BK-Books.eu » Besprekingen » Philosophy as a Way of Life

Bespreking van...

Pierre Hadot, Philosophy as a Way of Life: Spiritual Exercises from Socrates to Foucault, Edited with an introduction by Arnold I. Davidson, Translated by Michael Chase, [with very good select bibliography and outstanding index of subjects and names, ]UK Oxford / USA Malden MA (Blackwell) 1998-5th printing, 309 pp.

This book is incomparably rich in contents. It not only abundantly illustrates that theological and philosophical reasoning (as every theoretical discourse) is deeply embedded within the practical life of its subjects or agents, including the problems and goals of this life and its need for orientation, it also illustrates this – giving much invaluable insight and information – at the most central figures in Western philosophy and theology, like Socrates, the Epicureans, Stoicism (for Dutch readers I refer to some Dutch translations of works of Epictetus here), Seneca, Marcus Aurelius, Plotinus, Augustine, Kierkegaard, Nietzsche and Wittgenstein, to name but a few. For to them thinking was an expression of and had its goal in a life practice. It was a spiritual exercise. Indeed it is possible to explain many theories (for example in Marcus Aurelius and in Augustine) from their deeper motives, the “rationale” behind them, seen within a much wider context of life and culture, be it personal, be it even the changes – congruences and discontinuities – between historical periods as for example the Classical Age and The Christian Age, the unavoidability of those continuities and discongruences etcetera. And he shares not only that but what is more important still, he gives us means to acquire insight into ourselves, and to practice living in our times in a conscious way ourselves. To illustrate this here as short as possible I would like to cite from the pages 279-285 of the biographical interview with the author – a famous and very high regarded French historian of philosophy and philosopher – at the end of the book:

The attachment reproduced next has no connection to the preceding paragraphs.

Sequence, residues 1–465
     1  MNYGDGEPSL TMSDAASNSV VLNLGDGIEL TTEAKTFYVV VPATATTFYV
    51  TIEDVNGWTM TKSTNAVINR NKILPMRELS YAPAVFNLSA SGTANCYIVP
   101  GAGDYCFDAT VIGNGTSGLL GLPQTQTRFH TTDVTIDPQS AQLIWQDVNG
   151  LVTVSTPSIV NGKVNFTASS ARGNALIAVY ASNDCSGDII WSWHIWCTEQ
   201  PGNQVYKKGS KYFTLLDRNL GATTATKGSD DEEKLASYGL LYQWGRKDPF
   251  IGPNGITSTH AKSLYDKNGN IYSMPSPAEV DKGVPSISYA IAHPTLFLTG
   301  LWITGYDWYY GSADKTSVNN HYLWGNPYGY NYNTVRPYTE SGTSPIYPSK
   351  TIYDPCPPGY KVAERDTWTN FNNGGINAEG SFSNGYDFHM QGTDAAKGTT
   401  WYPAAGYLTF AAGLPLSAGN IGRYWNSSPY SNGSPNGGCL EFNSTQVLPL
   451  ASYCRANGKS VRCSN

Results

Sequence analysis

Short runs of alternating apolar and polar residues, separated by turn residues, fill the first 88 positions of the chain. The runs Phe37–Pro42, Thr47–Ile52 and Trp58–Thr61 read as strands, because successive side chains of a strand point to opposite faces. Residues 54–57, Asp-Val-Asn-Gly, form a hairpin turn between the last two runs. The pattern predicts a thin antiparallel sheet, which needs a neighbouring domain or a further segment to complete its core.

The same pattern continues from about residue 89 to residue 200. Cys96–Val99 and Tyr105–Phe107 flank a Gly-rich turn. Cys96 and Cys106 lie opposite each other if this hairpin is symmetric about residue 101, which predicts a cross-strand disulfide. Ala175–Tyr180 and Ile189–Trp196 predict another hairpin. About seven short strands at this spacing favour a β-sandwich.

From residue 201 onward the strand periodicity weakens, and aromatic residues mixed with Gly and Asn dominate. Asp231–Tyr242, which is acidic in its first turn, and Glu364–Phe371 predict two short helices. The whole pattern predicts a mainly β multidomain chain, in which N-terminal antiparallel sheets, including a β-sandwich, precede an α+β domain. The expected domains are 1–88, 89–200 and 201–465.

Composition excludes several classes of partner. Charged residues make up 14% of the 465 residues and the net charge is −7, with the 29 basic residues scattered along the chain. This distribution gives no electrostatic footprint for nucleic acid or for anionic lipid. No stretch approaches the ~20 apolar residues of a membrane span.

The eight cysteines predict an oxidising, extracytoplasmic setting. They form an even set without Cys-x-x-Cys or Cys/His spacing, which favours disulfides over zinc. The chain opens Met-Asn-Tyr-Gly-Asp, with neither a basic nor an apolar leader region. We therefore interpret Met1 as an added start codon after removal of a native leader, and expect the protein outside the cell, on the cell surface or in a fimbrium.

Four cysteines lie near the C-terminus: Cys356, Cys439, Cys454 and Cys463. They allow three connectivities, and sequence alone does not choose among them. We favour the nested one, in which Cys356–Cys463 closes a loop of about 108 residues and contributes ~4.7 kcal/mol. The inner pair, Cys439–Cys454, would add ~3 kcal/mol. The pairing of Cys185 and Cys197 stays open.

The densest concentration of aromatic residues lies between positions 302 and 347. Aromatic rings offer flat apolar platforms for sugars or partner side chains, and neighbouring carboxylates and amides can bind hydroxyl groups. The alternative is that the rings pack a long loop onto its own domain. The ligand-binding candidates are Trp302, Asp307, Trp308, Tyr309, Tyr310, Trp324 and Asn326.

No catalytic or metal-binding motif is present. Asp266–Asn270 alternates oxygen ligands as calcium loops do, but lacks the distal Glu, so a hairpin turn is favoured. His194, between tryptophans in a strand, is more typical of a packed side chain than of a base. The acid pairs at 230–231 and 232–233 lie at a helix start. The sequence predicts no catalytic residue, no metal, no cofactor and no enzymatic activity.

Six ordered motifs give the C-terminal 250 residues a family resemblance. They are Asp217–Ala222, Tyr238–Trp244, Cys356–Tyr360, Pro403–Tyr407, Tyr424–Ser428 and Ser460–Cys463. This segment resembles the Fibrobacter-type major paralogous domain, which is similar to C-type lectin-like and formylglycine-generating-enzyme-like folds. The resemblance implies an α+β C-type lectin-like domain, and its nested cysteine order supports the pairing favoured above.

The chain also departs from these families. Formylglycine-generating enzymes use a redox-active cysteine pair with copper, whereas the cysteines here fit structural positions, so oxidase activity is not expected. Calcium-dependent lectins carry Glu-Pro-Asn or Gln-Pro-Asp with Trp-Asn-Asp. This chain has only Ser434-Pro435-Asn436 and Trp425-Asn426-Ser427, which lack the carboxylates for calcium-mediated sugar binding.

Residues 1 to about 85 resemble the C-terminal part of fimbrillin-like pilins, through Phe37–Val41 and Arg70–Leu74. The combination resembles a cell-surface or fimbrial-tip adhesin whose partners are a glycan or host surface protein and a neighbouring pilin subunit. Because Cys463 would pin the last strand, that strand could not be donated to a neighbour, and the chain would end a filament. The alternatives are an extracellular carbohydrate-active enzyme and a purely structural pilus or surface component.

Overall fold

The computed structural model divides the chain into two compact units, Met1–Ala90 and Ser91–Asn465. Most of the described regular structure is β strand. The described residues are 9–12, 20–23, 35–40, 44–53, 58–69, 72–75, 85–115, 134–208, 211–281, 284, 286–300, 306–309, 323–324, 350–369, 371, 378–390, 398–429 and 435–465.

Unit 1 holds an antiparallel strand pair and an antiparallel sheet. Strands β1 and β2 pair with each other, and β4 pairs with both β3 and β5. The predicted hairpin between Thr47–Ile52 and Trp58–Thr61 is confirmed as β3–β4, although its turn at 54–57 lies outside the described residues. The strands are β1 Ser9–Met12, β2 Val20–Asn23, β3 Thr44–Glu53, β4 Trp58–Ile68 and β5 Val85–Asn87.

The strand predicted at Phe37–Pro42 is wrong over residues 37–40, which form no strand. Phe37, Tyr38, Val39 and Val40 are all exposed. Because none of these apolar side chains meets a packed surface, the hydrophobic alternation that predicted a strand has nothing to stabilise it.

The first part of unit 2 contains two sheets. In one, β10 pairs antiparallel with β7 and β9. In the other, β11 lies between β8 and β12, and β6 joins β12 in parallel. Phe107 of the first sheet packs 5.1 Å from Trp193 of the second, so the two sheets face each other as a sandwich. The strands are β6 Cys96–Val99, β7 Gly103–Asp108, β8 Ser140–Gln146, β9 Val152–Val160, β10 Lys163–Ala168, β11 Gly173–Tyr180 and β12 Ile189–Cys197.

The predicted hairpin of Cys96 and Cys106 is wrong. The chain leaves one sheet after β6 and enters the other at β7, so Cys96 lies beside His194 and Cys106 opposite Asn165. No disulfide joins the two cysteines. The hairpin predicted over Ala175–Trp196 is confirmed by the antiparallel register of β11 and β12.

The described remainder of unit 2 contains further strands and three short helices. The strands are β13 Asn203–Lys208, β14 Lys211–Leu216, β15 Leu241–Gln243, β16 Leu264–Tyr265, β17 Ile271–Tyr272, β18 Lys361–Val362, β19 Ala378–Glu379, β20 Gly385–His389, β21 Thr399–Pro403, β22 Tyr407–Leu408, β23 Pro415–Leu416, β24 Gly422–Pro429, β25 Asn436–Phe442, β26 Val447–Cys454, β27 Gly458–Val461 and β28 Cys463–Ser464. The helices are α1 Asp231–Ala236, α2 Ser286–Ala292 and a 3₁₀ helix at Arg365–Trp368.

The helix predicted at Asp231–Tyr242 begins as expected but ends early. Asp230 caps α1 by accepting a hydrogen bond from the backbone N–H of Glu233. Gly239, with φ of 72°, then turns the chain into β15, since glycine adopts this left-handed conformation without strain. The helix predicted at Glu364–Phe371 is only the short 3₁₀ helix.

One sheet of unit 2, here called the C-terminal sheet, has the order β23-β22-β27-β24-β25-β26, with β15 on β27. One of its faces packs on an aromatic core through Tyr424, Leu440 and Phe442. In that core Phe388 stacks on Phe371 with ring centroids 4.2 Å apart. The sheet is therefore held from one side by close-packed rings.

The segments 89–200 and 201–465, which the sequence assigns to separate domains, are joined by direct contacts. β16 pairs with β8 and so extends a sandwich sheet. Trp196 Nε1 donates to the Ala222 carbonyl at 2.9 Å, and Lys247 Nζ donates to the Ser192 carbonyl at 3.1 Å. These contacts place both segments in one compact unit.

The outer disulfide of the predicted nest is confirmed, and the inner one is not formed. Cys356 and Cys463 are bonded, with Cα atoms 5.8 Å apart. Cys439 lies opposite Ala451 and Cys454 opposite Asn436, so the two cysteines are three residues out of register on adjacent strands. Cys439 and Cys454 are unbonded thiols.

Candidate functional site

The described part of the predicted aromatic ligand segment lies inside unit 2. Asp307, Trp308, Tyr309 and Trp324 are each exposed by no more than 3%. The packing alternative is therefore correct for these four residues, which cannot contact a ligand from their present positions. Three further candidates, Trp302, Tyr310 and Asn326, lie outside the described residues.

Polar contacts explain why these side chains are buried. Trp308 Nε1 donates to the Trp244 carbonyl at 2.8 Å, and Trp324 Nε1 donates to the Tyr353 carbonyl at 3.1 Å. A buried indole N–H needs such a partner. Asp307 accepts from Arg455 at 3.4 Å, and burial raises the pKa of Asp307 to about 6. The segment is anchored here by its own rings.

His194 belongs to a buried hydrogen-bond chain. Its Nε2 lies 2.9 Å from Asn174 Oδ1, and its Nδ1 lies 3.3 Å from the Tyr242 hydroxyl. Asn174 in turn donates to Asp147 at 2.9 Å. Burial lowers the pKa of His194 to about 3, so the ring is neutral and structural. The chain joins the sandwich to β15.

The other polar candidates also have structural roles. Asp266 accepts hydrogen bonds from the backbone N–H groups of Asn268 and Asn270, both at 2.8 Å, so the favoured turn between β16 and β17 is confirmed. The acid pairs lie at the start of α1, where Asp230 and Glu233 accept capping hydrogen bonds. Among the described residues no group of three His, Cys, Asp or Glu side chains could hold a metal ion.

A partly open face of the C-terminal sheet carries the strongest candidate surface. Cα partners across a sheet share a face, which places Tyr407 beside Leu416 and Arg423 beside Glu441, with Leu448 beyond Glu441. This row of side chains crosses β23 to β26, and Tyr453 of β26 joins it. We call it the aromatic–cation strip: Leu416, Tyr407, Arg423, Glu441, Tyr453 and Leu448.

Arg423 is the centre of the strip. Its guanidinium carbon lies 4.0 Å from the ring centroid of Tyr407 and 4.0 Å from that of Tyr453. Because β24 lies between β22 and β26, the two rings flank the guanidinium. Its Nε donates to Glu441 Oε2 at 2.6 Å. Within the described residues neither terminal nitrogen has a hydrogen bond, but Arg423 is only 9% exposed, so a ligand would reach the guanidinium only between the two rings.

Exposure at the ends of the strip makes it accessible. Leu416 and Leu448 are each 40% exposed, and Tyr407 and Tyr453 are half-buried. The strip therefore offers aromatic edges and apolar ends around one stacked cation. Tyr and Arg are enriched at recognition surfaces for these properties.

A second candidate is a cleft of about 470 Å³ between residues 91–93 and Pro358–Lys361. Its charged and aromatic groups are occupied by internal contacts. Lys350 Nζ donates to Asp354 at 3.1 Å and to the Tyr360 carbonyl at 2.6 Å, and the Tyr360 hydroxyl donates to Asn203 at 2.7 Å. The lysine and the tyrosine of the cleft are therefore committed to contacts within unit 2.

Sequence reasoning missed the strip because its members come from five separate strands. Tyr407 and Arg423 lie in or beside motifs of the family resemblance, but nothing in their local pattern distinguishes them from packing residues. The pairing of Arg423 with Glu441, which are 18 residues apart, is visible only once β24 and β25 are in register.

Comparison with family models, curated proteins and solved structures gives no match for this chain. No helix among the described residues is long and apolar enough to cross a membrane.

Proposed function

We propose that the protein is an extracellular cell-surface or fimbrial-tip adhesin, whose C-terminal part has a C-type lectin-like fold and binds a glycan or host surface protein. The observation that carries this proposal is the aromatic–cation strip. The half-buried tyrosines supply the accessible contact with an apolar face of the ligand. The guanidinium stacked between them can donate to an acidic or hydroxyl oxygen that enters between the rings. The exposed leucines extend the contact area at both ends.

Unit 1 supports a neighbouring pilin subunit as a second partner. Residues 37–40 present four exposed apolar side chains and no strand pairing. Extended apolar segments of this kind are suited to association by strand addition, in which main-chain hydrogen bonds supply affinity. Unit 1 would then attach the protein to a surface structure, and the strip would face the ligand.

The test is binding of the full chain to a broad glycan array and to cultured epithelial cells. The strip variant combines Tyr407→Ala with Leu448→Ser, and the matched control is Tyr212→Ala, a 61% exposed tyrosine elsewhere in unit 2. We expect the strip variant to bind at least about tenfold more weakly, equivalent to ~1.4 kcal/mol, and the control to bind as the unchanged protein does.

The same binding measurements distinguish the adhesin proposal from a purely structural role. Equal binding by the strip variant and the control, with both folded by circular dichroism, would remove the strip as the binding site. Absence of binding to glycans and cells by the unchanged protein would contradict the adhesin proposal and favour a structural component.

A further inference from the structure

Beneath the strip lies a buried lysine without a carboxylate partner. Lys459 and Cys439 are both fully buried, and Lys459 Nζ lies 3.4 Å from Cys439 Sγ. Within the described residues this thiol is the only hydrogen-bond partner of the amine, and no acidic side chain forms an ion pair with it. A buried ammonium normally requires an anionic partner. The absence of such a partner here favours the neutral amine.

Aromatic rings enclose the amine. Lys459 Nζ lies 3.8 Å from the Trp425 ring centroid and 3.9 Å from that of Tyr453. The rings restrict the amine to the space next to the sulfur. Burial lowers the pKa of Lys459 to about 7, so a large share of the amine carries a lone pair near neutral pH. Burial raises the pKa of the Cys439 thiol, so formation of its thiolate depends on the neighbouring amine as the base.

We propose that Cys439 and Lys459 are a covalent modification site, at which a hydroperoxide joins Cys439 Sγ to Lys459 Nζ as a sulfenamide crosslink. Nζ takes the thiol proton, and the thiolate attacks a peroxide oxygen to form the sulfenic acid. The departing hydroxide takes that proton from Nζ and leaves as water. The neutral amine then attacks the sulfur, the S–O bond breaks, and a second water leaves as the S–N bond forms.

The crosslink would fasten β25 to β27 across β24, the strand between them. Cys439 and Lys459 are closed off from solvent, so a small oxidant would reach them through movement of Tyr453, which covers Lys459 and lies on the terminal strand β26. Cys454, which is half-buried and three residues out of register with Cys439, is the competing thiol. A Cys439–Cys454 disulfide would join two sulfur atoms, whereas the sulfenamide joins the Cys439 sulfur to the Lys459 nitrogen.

“… I have always believed that philosophy was a concrete act, which changed our perception of the world, and our life: not the construction of a system. It is a life, not a discourse.

To sum up my inner evolution, I would say the following: in 1946, I naively believed that I, too, could relive the Plotinian mystical experience. But I later realized that this was an illusion. The conclusion of my book Plotinus already hinted that the idea of the “purely spiritual” is untenable. It is true that there is something ineffable in human existence, but this ineffable is within our very perception of the world, in the mystery of our existence and that of the cosmos. Still, it can lead to an experience which coul be qualified as mystical.

I have tried to define what philosophy was for a person in antiquity. In my view, the essential characteristic of the phenomenon “philosophy” in antiquity was that at that time a philosopher was, above all, someone who lived in a philosophical way. In other words, the philosopher was someone whose life was guided by his or her reason, and who was a practitioner of the moral virtues. …We can … observe it in Xenophon, where Hippias asks Socrates for a definition of justice. Socrates replies: “Instead of talking about it, I make it appear through my actions.” (See the interesting context and also another very important book, viz. A. Nehamas, The Art of Living: Socratic Reflections from Plato to Foucault).